SoilCares Scanner provides real-time fertilization advice

Published: 29-01-2016

SoilCares, a Dutch Sprouts Group subsidiary, has developed an innovative system that can deliver real-time soil fertility management advice. In a pilot project in Kenya, the SoilCares system helped farmers increase their yield by more than 25%. Dutch Sprouts is a group of agricultural specialists dedicated to providing affordable technology to farmers worldwide, so they can increase their yields.

All it takes is four soil samples mixed in a bucket and a scan with an innovative sensor; a few minutes later, custom soil fertilization advice appears on your smartphone. SoilCares’s handheld devices and large database can in the future replace a lab full of expensive equipment. The SoilCares Scanner will make soil analysis (financially) attainable to millions of farmers both in emerging markets and in the West.

The idea is simple, but the technology behind it is not. The system relies on big data and is the result of years of scientific research and development for which SoilCares collaborated with University of Twente, Wageningen University and various technology companies.

The prototype of the scanner functions and gives reliable results, so production will start the coming months. The scanner is set to be launched on the Kenyan market in the spring of 2016.

To a great extent, crop yield is determined by soil fertility. That is why farmers in Western countries regularly have their soil analyzed and then adjust their fertilization to the state of the soil and the needs of the crop they are growing. Traditionally, such analyses are done in laboratories, which makes them expensive. Because they lack the financial resources and the labs, farmers in emerging markets cannot afford such analyses. Their need for soil fertility can be addressed fairly easily with customized fertilization advice.

The SoilCares Scanner is a small, affordable device. Angelique van Helvoort, head of communications & marketing at Dutch Sprouts, says it will probably be used by middlemen in developing countries. “They will carry out the analysis and have the farmers pay a small amount for their customized soil management advice. For example, farmers could take their soil sample to the nearest village where a fertilizer dealer can analyze it for them.”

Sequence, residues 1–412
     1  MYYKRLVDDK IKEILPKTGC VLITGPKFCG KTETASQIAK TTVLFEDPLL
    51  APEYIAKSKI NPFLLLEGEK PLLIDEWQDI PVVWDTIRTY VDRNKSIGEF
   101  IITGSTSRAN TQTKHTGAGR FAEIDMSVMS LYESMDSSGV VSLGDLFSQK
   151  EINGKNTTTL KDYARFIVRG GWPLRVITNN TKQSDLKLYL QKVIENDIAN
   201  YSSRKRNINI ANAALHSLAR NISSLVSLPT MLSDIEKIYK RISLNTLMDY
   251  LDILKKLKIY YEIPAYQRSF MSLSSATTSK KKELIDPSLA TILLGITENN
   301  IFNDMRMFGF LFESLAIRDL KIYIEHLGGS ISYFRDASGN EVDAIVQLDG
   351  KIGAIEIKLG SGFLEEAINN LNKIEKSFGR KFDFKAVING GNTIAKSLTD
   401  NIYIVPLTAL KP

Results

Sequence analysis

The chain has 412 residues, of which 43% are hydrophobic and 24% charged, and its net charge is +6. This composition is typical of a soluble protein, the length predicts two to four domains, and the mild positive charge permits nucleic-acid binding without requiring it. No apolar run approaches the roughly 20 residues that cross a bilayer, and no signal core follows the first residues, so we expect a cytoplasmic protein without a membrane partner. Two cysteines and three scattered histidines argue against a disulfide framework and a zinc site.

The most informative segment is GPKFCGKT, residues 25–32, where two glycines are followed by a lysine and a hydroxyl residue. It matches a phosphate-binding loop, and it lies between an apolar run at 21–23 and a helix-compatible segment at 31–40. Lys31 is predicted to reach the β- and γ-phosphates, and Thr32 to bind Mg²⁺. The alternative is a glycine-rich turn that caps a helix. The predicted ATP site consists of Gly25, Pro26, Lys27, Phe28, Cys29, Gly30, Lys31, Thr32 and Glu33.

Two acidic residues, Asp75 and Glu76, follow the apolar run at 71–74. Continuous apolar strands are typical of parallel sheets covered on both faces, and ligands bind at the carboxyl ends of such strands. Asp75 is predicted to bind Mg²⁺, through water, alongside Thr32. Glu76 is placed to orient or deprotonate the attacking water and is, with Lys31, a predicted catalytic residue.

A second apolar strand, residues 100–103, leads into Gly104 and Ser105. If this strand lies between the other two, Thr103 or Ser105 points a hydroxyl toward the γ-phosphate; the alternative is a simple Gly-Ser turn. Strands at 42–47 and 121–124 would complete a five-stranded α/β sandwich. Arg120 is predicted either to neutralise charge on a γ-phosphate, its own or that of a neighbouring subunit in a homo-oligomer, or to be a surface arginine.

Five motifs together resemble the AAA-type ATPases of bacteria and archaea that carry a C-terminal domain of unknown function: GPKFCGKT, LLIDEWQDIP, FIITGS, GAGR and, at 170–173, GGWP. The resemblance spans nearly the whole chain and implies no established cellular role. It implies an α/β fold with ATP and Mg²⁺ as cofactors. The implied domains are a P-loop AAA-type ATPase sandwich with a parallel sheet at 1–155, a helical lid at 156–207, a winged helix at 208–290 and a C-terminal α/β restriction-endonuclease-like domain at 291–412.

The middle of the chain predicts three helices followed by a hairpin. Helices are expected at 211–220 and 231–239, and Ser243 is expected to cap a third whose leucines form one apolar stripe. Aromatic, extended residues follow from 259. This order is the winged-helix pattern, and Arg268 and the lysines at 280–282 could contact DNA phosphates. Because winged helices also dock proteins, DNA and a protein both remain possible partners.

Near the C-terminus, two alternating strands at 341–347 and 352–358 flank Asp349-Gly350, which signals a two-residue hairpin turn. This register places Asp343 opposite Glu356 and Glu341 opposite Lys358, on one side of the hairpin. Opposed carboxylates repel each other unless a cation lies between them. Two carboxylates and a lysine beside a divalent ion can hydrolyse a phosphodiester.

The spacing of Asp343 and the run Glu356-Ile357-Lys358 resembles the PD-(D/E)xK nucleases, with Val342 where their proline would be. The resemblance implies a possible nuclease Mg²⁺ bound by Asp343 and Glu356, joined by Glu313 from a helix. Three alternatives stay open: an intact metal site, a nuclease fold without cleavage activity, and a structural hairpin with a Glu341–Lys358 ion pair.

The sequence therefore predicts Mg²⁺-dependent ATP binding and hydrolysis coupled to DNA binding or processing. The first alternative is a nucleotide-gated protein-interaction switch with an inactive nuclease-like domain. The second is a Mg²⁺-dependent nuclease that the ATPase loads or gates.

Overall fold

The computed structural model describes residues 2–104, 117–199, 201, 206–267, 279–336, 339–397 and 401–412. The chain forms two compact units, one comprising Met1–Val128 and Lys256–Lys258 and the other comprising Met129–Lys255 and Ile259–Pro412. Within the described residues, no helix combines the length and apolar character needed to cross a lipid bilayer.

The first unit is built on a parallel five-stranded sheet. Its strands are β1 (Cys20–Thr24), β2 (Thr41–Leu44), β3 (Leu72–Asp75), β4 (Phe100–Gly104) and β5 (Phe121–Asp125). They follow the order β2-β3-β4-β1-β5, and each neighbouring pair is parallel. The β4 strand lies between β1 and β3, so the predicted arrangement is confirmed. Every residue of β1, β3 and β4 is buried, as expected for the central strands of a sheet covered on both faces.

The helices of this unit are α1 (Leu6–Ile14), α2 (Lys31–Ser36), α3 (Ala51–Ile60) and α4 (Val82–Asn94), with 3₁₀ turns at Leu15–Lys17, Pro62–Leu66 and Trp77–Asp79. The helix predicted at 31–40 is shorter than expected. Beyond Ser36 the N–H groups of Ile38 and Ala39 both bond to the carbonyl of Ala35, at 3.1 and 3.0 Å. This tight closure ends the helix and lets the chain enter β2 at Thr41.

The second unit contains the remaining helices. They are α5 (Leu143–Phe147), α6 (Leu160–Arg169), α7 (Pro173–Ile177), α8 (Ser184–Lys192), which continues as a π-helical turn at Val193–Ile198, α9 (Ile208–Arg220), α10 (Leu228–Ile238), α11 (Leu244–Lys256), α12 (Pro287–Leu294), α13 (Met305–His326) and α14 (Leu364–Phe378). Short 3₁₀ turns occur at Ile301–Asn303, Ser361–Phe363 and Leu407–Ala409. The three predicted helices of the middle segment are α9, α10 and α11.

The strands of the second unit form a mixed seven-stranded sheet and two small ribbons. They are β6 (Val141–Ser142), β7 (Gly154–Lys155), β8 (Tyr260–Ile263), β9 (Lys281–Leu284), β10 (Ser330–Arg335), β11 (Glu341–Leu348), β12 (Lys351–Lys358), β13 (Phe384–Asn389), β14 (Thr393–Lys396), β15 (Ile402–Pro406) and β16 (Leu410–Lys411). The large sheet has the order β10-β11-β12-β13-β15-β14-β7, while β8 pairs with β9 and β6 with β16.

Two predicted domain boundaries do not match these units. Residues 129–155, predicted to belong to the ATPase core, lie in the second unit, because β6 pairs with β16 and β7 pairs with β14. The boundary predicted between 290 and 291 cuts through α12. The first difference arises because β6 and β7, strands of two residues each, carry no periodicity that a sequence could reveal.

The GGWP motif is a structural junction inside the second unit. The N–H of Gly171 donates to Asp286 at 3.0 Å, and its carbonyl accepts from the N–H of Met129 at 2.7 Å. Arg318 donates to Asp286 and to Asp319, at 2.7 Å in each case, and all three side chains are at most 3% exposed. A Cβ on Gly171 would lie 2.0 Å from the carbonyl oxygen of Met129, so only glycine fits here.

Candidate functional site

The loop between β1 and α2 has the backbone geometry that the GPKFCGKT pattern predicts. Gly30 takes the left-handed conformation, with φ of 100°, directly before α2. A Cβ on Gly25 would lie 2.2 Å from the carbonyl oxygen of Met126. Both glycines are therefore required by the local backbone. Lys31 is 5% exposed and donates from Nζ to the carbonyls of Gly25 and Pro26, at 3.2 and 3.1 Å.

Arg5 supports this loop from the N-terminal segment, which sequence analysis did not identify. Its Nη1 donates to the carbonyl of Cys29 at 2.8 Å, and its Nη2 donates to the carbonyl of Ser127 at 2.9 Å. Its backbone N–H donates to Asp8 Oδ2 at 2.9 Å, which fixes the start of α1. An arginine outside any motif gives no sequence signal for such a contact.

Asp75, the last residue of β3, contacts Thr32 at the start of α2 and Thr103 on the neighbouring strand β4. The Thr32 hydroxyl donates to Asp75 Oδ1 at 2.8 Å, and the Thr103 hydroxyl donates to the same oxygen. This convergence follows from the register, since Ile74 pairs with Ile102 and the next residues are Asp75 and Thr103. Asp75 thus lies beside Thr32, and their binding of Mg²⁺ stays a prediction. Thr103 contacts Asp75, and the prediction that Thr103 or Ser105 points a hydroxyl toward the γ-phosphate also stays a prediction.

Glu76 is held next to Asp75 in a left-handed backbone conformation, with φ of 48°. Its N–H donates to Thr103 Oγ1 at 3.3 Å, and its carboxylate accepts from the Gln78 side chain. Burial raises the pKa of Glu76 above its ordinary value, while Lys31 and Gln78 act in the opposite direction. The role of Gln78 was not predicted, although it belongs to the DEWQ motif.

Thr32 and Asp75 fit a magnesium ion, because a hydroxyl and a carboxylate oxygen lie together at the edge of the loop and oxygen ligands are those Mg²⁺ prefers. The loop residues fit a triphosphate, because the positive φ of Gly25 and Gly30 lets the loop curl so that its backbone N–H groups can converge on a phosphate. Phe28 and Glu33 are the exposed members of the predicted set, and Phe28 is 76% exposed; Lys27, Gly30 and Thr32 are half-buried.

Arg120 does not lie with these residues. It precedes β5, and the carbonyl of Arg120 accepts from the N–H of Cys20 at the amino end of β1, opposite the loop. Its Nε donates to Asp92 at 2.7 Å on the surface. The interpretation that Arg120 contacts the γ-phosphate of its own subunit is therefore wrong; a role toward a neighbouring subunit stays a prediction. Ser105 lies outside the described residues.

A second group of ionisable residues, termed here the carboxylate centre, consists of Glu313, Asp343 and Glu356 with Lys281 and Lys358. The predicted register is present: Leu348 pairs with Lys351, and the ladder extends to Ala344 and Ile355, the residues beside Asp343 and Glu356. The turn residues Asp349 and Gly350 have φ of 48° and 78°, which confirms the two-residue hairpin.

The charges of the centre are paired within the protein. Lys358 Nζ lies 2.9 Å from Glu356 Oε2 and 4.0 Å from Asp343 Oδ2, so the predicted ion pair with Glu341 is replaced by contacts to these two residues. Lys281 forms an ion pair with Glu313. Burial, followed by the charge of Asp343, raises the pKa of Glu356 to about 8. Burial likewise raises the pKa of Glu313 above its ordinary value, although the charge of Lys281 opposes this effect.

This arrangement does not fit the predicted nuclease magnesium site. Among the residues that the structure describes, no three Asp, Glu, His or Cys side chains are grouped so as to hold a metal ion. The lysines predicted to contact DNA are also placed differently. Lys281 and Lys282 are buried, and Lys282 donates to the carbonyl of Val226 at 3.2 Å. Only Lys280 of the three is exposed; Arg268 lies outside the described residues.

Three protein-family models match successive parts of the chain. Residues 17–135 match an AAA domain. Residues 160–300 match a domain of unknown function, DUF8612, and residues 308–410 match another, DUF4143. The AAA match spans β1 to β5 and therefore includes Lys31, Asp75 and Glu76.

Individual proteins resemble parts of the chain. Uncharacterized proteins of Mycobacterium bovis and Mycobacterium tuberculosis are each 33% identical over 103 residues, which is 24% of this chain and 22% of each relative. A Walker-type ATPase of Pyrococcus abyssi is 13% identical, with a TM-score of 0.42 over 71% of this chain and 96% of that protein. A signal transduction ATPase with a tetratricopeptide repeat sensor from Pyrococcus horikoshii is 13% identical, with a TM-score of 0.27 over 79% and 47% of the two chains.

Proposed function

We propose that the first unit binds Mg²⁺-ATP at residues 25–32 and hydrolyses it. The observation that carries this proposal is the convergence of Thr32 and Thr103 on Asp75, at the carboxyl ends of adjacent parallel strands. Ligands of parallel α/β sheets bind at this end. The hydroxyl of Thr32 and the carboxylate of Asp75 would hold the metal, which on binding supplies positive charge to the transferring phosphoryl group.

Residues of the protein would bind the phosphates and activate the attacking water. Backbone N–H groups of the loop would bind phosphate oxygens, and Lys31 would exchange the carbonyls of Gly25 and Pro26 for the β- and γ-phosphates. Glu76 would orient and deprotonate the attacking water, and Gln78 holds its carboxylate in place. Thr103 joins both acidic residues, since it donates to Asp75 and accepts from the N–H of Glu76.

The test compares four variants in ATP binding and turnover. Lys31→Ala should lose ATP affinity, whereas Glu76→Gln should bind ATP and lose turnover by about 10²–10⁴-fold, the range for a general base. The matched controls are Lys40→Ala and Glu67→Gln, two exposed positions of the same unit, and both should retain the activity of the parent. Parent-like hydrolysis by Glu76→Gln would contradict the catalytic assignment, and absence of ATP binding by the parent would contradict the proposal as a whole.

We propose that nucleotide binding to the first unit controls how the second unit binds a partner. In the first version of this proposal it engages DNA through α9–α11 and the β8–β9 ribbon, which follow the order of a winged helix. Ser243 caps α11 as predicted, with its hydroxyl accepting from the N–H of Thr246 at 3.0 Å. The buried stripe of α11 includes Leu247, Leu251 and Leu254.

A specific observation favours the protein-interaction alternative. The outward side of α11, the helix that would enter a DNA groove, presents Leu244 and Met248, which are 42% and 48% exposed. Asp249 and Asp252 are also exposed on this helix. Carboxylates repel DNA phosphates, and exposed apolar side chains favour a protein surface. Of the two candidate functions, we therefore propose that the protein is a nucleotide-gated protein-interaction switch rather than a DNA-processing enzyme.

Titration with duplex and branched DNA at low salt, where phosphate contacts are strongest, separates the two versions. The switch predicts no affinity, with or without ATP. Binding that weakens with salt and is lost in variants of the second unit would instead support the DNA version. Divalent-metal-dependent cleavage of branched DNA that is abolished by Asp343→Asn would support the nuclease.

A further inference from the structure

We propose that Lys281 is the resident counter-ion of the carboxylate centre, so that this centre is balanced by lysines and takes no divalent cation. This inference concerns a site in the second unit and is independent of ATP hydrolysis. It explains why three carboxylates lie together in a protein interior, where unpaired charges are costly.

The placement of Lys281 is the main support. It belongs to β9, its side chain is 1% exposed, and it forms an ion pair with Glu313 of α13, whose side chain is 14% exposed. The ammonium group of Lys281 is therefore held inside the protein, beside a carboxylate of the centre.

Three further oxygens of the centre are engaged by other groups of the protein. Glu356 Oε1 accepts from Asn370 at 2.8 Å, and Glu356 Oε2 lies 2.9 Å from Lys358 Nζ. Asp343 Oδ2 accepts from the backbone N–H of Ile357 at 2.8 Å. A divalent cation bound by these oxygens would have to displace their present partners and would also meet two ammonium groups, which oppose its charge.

The scanner uses a Near Infra Red (NIR) sensor that analyzes the main macronutrients that plants need to grow. It also analyzes the soil’s pH value and its total organic content. Once a sample has been scanned, the analysis, along with crop and GPS data, is transferred to the Dutch Sprouts’s database in the Netherlands via the Internet. There, optimum fertilization is calculated and customized fertilization advice is sent back to the sender’s smartphone.

soil scanner

Big data
The fertilization advice the scanner generates is practical and highly specific. It is even possible to specify the advice based on different brands of fertilizer, a feature which Van Helvoort calls essential for farmers in developing countries. “In places like Kenya, farmers often have a limited choice in chemical fertilizers. In the Netherlands, farmers can have their own fertilizer mixes made and optimized to specification. But Kenyan farmers usually have to choose from a few standard mixes that are in stock.”

“That database is the real ‘gold’. It’s taken years to develop,” says Van Helvoort. “And we keep expanding it with information on new types of soil, new crops and new fertilizers. Not only do we collect data ourselves, but we also work with other organizations, such as governments, research institutions and NGOs.”

Millions of farmers
Affordable soil analysis is going to have a big impact on farmers in developing countries, says Van Helvoort. “It takes only a small investment to increase their yield. Sometimes the advice is extremely simple. A different type of fertilizer plus spreading lime can be enough to improve soil fertility. Harvests get bigger and farmers can sell part of their crop at the local market. This income can make it possible for them to send their kids to school, or to invest in their own company,” says Van Helvoort. “This system can benefit millions of farmers all over the globe. Africa’s just the beginning. Over the next few years, the SoilCares Scanner will become available in other parts of the world too.”